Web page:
The government has opened a consultation to address the complexity around holiday pay after last year’s Harpur Trust v Brazel ruling.
In July, the Supreme Court confirmed that part-year workers should receive 5.6 weeks’ statutory holiday pay.
This meant that any worker with a continuing contract throughout the year, but who only works for certain periods such as term time, must have their holiday pay calculated in the same way as employees who work the full year, rather than pro-rated.
The consultation opened yesterday (12 January) and will close on 9 March 2023.
The Department for Business, Energy and Industrial Strategy said the intention of the consultation was “to ensure that their holiday pay and entitlement is directly proportionate to the time they spend working”.
The consultation proposes introducing a 52-week holiday entitlement reference period, which would bring calculations in line with entitlements received by part-time workers who work the same number of hours across the year.
This period would include weeks in which workers did not work, such as teaching assistants who only work during term time.
It said that including unworked weeks would create an incentive for employers to give employees only a small number of hours a week, rather than none at all.
It also plans to simplify how entitlement is calculated, legalising the method whereby employers work out 12.07% of total hours worked across working and non-working weeks. Employers are asked how they currently calculate entitlement and whether implementing the suggested methods would work.
The original case centred on Ms Brazel, a visiting music teacher at Harpur Trust who was engaged on a zero-hours contract and worked during term time. She was only paid for the hours she taught, which varied week to week.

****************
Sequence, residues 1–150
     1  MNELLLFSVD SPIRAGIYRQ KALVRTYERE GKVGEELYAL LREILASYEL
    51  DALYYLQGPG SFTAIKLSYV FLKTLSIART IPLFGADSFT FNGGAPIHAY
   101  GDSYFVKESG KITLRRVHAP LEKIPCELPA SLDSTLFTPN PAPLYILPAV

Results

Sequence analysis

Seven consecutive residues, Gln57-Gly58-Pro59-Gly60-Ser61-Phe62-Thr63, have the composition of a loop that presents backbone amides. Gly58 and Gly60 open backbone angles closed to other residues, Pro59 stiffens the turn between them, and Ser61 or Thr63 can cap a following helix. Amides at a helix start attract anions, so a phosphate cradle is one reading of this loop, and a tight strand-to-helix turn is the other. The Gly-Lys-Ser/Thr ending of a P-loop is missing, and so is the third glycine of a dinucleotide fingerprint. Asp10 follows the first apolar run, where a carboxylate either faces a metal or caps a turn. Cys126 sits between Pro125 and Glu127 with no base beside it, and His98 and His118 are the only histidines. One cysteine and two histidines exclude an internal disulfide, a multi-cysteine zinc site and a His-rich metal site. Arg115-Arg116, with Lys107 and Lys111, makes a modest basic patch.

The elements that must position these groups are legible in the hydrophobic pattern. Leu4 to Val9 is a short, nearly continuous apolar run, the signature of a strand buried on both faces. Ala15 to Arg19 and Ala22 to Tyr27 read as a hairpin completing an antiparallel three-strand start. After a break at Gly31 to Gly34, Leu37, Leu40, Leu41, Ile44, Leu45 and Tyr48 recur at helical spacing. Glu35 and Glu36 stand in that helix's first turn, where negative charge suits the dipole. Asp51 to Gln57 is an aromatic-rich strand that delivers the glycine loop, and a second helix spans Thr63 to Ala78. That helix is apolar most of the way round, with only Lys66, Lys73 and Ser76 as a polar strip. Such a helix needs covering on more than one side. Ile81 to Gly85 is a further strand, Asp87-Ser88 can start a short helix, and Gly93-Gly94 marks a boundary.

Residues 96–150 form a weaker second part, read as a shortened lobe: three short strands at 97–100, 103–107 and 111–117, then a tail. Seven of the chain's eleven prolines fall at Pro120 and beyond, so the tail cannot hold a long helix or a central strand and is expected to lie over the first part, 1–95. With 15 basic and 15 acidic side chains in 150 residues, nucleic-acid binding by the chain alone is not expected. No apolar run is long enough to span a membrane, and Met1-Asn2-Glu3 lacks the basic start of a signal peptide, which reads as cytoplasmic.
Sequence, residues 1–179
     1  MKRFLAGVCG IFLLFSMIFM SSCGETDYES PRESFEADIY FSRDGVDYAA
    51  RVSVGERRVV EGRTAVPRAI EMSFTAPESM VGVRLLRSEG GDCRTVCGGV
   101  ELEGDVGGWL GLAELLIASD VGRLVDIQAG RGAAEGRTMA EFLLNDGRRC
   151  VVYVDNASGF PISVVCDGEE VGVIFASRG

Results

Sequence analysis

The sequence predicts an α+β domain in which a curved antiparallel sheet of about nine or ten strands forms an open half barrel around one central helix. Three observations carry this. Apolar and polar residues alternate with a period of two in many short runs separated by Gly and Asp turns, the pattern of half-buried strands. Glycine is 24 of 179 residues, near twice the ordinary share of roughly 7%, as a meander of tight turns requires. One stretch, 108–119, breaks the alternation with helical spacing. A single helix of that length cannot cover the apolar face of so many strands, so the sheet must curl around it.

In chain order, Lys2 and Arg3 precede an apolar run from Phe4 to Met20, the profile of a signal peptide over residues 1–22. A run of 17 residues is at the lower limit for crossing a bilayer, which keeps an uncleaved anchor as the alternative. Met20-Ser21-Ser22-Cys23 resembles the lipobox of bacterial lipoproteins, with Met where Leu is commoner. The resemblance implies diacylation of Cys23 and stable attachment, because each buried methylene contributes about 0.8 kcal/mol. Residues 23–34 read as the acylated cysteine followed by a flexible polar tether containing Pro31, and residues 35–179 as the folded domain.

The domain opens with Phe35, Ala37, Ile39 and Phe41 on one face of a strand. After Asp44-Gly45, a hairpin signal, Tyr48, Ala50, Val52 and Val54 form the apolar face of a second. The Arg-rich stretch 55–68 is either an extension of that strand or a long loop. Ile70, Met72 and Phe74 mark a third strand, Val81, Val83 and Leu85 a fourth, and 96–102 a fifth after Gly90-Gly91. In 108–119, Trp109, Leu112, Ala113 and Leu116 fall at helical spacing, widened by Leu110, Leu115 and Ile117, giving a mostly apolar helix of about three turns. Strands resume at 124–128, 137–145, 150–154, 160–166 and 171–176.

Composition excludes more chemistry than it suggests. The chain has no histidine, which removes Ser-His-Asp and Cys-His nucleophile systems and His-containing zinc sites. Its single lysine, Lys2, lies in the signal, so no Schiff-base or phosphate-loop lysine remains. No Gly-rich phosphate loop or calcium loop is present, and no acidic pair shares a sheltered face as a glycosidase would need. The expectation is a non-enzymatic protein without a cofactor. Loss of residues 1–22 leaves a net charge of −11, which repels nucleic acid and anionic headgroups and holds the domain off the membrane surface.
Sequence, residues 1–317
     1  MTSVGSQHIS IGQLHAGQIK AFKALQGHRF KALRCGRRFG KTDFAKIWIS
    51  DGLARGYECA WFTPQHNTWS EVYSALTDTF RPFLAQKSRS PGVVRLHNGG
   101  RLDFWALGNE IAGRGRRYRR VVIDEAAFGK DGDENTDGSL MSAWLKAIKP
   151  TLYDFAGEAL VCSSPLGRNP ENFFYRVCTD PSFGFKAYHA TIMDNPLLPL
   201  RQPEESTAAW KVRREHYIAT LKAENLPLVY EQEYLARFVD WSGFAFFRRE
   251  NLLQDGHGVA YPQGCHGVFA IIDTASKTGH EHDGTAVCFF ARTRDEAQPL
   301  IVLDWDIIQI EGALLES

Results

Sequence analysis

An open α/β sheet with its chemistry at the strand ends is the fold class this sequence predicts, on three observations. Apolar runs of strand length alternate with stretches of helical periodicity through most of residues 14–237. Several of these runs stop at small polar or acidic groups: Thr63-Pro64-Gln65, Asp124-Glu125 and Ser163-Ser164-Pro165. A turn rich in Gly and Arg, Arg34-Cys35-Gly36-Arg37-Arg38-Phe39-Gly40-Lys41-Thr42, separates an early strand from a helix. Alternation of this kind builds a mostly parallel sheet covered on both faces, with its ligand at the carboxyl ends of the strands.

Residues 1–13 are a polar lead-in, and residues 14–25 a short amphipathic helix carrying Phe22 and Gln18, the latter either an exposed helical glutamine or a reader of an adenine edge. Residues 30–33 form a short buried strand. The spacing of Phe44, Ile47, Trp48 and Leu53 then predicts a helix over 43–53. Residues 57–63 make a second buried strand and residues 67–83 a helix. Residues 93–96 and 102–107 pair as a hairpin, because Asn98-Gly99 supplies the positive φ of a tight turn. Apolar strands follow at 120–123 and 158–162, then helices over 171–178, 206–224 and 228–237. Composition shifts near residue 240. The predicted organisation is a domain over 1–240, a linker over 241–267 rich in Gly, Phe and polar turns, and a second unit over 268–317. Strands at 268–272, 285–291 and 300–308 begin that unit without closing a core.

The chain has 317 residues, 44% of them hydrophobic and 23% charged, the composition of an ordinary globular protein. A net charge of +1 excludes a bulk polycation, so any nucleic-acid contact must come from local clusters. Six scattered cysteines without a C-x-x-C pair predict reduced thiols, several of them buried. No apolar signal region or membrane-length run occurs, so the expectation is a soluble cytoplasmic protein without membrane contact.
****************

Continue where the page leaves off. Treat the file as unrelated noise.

The number of hours she worked determined the amount of holiday she received, as the Trust calculated this by pro-rating the 5.6 weeks’ entitlement. She brought a claim, claiming the Trust’s approach meant she received less than she was entitled to.
The Court of Appeal and subsequently Supreme Court decided in her favour, ruling that because she was on a contract for the whole year she should be entitled to 5.6 weeks’ paid leave.
Employers must now adhere to this ruling, but the decision caused some confusion as to how they should deal with casual staff working part of the year and whether there would be entitlement to back pay.
Kate Palmer, HR advice and consultancy director at Peninsula, said the launch of the consultation showed that the government was acknowledging the “unintended anomalies” raised by the decision.
“The fact that the consultation period is only open for eight weeks suggests they are putting a high priority on resolving the issue quickly and introducing amendments,” she said.
“Effectively this could see part-year workers treated comparably to part-time workers in their annual leave entitlement.
“Under current laws, part-year workers can receive considerably more leave and pay than that of a part-time worker despite working the same number of hours in total over the course of a year.
“Any changes to current legislation will be particularly important for those in the education sector who commonly use term-time contracts. However, it could also pose a new HR headache for any employer who has zero-hours, variable-hours, or agency staff.
“Changing the law can be a lengthy process, but employers should continue to calculate and provide leave in line with the ruling in the Harpur Trust v Brazel case until we know the outcome of this consultation.”